I write in response to your piece, "RE teaching has cross examination" (TESS, 4 March), because some of the points made are neither up-to-date nor accurate.
The most crucial factor is that most of the points refer to trivial, or at least non-fundamental, issues. Producing a piece of research based on books used in RE is a good example of this, because the fundamental research work referred to has already been undertaken.
Such research was published via the department of curricular studies at Strathclyde University in 2007, as part of my doctoral research programme. This looked at the sources, orgins and links of religion and education; a literature review; a review of report literature relating to religious education; a review of HMI report literature on religious education; analysis of interviews with heads of religious education in university education faculties and HMIs responsible for RE; consideration of responses to the national survey of religious education conducted for the study; the contribution of religious education and general curricular thinking; and the implications of educationalising religious education.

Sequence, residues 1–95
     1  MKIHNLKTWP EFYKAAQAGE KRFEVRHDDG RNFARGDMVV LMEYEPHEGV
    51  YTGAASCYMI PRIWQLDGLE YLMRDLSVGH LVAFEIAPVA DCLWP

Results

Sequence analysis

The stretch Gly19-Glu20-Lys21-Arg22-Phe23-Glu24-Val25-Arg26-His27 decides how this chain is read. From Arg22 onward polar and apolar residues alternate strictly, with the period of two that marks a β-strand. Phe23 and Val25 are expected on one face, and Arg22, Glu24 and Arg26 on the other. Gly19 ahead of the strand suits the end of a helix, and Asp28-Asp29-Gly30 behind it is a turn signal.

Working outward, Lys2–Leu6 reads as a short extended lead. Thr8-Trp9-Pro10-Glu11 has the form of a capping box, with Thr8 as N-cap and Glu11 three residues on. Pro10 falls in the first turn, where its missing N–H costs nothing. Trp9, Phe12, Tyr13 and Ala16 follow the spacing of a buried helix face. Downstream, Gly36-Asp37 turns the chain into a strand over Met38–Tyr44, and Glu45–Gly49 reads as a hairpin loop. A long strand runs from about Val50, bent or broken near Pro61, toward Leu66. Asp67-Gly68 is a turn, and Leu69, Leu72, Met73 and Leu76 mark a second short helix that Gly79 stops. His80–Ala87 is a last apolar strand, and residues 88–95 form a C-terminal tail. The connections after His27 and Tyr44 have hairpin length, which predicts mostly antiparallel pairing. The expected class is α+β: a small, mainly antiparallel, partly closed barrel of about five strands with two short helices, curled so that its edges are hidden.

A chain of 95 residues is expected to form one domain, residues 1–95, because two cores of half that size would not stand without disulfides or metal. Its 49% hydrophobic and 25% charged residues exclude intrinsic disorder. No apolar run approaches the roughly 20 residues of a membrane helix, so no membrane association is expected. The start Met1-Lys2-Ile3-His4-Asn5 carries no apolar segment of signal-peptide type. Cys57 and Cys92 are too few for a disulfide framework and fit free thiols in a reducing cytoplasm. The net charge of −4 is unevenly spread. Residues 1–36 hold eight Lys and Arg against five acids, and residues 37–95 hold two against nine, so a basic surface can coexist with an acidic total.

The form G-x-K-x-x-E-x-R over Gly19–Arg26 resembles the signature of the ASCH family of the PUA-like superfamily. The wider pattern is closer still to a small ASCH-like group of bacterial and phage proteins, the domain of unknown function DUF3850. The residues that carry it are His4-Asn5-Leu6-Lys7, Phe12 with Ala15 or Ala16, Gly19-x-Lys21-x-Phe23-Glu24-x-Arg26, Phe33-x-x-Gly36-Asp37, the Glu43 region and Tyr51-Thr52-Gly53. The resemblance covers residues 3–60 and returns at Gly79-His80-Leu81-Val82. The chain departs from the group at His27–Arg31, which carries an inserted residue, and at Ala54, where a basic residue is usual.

I mention this in the hope that it will contribute to the debate.
William Hannah, retired adviser in religious education, Dunbarton Council, Strathclyde Region and Glasgow City Council.